The following section is to provide information on:

The moulting process of a Nutmeg, and how to distinguish this colour from a Dark Eyed Honey. Often these two colours are mixed up when the Gerbil is young, hopefully a development page will help show you the differences by comparing the two colours next to eachother.


The Development process of a Nutmeg pup.

When young Nutmeg and Dark Eyed Honey pups look very similar, there are a few ways to distinguish between the two different colours, but for someone who has never bred either colours before it can be difficult.

A Nutmeg starts out as a lovely deep orange colour, and once around 6 weeks old it begins the moulting process which doesn't finish until they are 9-10 weeks old. Until you have a Nutmeg next to a DEH, or wait until moulting age it is easy to get confused over which colour you might have, so I have put together a guide that illustrates what the pups will look like.

On with the guide...

A pile of 4 day old pups, just beginning to get their fur though. Compare the darkness of the skin between the pup with its back to us and the pup on its side. The Nutmeg is the one showing its back, you can also see a dark orange tint coming through from the fur. The pup on its side is a DEH, the skin pigment is lighter, and the fur is more of a cream colour when it first comes through.

 

Again, you can see the fur coming through, they have an orange tint to them, which will be much more apparent over the next couple of days.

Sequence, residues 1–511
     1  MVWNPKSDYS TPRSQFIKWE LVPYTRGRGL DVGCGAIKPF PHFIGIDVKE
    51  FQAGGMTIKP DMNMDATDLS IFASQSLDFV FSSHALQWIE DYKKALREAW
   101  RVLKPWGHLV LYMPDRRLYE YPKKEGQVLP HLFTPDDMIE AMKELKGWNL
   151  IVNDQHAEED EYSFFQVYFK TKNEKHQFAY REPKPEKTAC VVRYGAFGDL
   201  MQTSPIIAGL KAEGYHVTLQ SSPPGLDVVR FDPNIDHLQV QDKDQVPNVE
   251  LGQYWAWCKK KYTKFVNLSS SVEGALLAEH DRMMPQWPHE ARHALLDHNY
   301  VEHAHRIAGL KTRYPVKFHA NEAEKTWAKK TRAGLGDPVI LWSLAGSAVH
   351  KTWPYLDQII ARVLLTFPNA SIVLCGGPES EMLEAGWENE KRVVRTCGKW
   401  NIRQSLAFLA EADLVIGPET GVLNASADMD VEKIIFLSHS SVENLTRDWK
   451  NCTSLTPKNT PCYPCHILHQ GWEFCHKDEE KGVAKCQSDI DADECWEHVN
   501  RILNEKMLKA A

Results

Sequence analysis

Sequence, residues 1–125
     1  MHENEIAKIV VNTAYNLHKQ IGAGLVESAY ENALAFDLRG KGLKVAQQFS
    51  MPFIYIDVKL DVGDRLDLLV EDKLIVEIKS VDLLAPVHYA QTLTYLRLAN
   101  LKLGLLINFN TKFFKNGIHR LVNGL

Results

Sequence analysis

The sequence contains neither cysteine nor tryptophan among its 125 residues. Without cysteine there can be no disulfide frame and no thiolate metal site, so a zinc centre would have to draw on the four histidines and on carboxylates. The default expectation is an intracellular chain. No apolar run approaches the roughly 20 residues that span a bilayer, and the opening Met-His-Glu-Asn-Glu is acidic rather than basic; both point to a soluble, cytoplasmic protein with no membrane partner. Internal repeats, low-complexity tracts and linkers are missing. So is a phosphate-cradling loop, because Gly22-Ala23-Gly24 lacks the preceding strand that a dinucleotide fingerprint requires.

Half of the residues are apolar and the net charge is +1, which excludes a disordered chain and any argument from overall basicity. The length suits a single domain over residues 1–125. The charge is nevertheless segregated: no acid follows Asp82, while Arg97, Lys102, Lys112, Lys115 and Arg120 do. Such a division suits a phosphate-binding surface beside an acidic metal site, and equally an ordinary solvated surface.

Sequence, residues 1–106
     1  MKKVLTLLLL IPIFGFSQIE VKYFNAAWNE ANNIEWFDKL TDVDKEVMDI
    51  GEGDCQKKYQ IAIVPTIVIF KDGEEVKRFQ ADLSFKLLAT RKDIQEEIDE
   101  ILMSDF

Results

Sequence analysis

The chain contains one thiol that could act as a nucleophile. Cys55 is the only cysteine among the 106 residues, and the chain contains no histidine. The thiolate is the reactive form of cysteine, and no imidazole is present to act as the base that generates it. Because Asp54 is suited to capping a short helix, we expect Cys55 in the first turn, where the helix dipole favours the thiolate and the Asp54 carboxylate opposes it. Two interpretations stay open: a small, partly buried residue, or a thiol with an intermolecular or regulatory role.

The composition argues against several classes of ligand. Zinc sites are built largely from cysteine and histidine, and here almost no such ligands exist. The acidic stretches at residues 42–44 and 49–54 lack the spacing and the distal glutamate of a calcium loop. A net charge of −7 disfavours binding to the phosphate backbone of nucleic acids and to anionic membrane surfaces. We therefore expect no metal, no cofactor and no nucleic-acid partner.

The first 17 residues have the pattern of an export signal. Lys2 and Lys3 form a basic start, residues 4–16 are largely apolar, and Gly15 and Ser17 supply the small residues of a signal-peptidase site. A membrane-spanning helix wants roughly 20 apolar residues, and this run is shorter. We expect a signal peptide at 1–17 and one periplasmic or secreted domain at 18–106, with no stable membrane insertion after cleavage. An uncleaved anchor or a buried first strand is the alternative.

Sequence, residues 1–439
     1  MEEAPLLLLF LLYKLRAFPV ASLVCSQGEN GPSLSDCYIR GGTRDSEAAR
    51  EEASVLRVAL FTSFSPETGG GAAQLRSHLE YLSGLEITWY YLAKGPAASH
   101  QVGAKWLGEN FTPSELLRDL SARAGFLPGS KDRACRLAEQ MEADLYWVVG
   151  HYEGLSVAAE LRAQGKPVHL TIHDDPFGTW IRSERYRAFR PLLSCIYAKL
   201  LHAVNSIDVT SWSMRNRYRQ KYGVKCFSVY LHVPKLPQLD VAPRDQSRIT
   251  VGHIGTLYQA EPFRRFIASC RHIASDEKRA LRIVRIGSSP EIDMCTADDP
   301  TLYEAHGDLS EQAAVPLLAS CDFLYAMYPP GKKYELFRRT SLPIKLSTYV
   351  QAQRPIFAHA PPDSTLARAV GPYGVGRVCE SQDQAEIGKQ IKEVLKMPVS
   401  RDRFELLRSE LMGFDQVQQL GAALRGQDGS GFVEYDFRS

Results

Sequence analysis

Day 5 pups, the fur is through more, it is much more obvious which pups are Nutmeg and which are DEH.

Can you tell which pup is the DEH and which two are Nutmegs?

The two pups on the outside are Nutmegs and the pup in the middle is a DEH. The pup on the left has a very definate tangy orange to it, around the head and back. The pup on the outside right, is not so obvious, but the pigment to its back is darker than that of the Gerbil in the middle.

Which pup is the DEH in this pile?

This is much more obvious, look just how tangy the orange is on the head of the two pups on the outside edges. Their orange is much deeper than that of the Gerbil in the centre.

 

Day 7

The differences between Nutmeg and DEH are now easily distinguishable. The gerbil on the left is a Nutmeg, and the DEH is on the right. The Nutmeg has a very tangy orange colour, which continues down the side of the body to the legs, which you can see coming through now in the photo below. A DEH on the other hand is a creamy, pastel orange colour, and they will have a white tummy, so the orange does not continue down the body and will stop at the sides with white fur coming through.

 

The Nutmeg is on the right, and the DEH on the left, see the difference in shade? You can also see the white coming through on the DEH's sides and feet.

 

Which colours are which??

The two Nutmegs are on the top and the other is on its back trying to turn over, the DEH is partially underneath the Nutmeg on its back, it has a lovely pastel orange shade to it.

Day 8

Now a lot of the fur is through, you should know which colour you have just by looking at the colour of the tummy of the Gerbil pup.

Which colour is which??

DEH on the left, Nutmeg on the right.

Come on, what are the colours of these Gerbil pups?

Nutmeg on the left at the back.

DEH in the middle with its back to us.

Nutmeg at the bottom of the pile.